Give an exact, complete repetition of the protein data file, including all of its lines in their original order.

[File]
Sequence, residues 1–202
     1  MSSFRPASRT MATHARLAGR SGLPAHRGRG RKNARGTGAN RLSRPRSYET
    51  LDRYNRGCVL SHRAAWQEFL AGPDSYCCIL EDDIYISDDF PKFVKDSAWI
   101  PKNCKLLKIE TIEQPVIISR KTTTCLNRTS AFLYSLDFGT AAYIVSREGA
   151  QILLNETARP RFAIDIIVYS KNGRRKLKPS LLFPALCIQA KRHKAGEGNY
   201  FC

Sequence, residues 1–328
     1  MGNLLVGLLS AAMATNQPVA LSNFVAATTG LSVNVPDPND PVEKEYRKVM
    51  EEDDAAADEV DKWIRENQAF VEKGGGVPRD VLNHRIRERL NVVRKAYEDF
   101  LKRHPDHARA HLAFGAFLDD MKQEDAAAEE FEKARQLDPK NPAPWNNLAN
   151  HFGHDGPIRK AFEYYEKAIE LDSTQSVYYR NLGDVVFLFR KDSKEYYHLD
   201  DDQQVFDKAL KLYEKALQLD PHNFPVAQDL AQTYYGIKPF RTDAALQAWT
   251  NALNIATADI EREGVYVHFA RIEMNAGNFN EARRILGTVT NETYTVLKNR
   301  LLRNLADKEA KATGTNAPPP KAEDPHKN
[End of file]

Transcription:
Sequence, residues 1–202
     1  MSSFRPASRT MATHARLAGR SGLPAHRGRG RKNARGTGAN RLSRPRSYET
    51  LDRYNRGCVL SHRAAWQEFL AGPDSYCCIL EDDIYISDDF PKFVKDSAWI
   101  PKNCKLLKIE TIEQPVIISR KTTTCLNRTS AFLYSLDFGT AAYIVSREGA
   151  QILLNETARP RFAIDIIVYS KNGRRKLKPS LLFPALCIQA KRHKAGEGNY
   201  FC

Sequence, residues 1–328
     1  MGNLLVGLLS AAMATNQPVA LSNFVAATTG LSVNVPDPND PVEKEYRKVM
    51  EEDDAAADEV DKWIRENQAF VEKGGGVPRD VLNHRIRERL NVVRKAYEDF
   101  LKRHPDHARA HLAFGAFLDD MKQEDAAAEE FEKARQLDPK NPAPWNNLAN
   151  HFGHDGPIRK AFEYYEKAIE LDSTQSVYYR NLGDVVFLFR KDSKEYYHLD
   201  DDQQVFDKAL KLYEKALQLD PHNFPVAQDL AQTYYGIKPF RTDAALQAWT
   251  NALNIATADI EREGVYVHFA RIEMNAGNFN EARRILGTVT NETYTVLKNR
   301  LLRNLADKEA KATGTNAPPP KAEDPHKN